But lawmakers have said that even with the expected failure of Wednesday’s vote, talks will continue to escalate over the next few days with the aim of once again trying to push the $ 1.2 trillion measure forward. ‘here early next week.
Two key Republicans – Utah Senator Mitt Romney and Ohio Senator Rob Portman – said they would oppose the procedural vote on Wednesday, calling for more time to negotiate the bill.
“I think that’s where everyone is,” Romney said.
“It won’t be done tonight,” Portman added on Tuesday.
Republican senators on Tuesday asked Senate Majority Leader Chuck Schumer in a letter to postpone the vote until they get a bipartisan deal and draft the bill. A Senate GOP source with direct knowledge of the matter told CNN the 50 Republicans would likely vote no on Wednesday, but expected all issues to be resolved by Monday, and at least 10 senators. Republicans would then support the advancement of the legislation.
Schumer, a Democrat from New York, held a test vote to open debate on the legislation, arguing that the vote would simply pave the way for consideration of the bill once negotiators finalize the deal.
At a private lunch on Tuesday, Schumer suggested he would be ready to hold another procedural vote if he failed on Wednesday, several Democratic sources said. But while most Democrats support Schumer’s strategy, one Democrat has stood out: West Virginia Senator Joe Manchin.
He urged Schumer to postpone the vote to Monday to allow more time for talks, according to a source familiar with the matter. Schumer said he and Manchin would speak up, another source said.
Manchin told CNN that Schumer was “committed” to pushing through the bill. Even if the vote fails, as expected, he believes Schumer will attempt to force another vote when talks are finalized.
The majority leader said if senators did not draft the bill by Thursday, he would bring forward a bill made up of relatively uncontroversial provisions, so the Senate could open a floor debate on a key priority for the Biden administration.
“I understand that both sides are working very hard to transform the bipartite infrastructure framework into final legislation, and they will continue to have more time to debate, amend and refine the bill once the Senate votes to address this crucial question, ”said Schumer. “But they’ve been working on this bipartisan framework for over a month now, and it’s time to open the debate. “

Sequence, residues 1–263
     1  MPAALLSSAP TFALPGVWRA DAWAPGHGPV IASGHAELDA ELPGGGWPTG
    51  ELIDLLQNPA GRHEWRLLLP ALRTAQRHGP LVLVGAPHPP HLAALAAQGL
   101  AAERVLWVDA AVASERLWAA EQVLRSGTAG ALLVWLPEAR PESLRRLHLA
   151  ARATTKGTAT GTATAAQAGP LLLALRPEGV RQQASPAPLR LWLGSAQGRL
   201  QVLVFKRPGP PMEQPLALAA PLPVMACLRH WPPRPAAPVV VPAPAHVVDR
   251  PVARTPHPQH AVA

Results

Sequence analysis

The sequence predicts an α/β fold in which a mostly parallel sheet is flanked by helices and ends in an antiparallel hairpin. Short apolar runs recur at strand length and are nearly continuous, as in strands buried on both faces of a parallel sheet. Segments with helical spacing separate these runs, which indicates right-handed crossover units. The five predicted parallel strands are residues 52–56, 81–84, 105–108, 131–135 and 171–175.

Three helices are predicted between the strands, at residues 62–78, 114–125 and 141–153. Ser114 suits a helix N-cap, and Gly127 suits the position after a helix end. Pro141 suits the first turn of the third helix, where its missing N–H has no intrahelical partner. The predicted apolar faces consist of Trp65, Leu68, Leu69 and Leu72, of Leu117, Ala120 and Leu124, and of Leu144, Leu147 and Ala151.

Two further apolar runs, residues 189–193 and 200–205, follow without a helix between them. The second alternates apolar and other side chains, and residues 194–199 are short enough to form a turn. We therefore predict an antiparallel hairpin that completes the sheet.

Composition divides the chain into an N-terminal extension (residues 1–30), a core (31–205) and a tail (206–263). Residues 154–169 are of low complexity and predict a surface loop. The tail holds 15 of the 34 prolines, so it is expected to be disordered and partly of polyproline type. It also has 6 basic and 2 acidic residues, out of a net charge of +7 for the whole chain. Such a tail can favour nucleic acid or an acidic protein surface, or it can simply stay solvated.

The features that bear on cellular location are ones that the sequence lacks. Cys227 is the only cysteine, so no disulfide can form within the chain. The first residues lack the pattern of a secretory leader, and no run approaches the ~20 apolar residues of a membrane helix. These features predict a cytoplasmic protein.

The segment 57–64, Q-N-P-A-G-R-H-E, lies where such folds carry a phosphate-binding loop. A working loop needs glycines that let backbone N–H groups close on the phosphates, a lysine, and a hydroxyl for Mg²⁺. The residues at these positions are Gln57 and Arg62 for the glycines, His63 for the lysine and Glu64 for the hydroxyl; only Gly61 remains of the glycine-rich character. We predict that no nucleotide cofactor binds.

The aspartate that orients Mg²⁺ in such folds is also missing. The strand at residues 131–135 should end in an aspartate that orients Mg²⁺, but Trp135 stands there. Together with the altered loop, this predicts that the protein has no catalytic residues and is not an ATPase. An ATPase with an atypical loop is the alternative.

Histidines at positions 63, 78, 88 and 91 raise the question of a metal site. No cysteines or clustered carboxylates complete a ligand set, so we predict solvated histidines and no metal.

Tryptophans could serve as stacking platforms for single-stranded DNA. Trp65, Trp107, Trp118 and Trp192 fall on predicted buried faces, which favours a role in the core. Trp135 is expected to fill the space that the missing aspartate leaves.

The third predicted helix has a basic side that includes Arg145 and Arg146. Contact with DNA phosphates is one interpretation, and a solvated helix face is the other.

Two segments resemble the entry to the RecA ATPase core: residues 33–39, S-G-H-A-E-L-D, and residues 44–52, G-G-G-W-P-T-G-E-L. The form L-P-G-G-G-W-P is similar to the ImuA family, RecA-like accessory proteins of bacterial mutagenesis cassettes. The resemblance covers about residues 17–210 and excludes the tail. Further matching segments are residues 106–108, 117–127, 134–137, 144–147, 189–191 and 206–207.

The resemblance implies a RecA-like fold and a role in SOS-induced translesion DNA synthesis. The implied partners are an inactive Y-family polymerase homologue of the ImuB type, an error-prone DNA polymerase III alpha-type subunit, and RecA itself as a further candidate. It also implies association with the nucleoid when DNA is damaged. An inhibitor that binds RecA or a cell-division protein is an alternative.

In June, the White House and a bipartisan Senate group agreed to $ 579 billion in new spending to build roads, bridges, railroads and airports, as well as water, electricity infrastructure projects. and broadband.
But lawmakers have since debated how to pay for the massive investment and made their job even more difficult by agreeing to remove a provision that would have boosted the Internal Revenue Service’s ability to collect unpaid taxes, which would have allowed to collect up to $ 100 billion. in government revenue. They also haven’t determined how much transit funding to provide, according to the Senate GOP source.
Republican Senate Whip John Thune predicted Wednesday’s vote would fail and all Republicans would stand together, and accused Schumer of making a major mistake in moving forward.
“It seems like a counterproductive move on his part,” Thune said.
Democrats have set up two-way negotiations to comprehensively address the country’s infrastructure needs. The first concerns the new bipartite plan. The second is a $ 3.5 trillion Democratic proposal that would include other priorities that many Republicans oppose, such as providing paid medical and family leave and potentially even overhauling the country’s immigration system.
But Manchin also opposed some of the Democrats-only provisions of the bill.
Manchin wouldn’t say Tuesday whether he would agree to move forward with the $ 3.5 trillion budget resolution. Schumer had asked for assurances that the 50 Democrats would be on board by Wednesday.
Manchin, however, said Schumer “never asked for this at all.” He told CNN he was “absolutely” concerned about provisions that would threaten fossil fuel production but had yet to see a “final version” of the bill.
CNN’s Lauren Fox contributed to this report.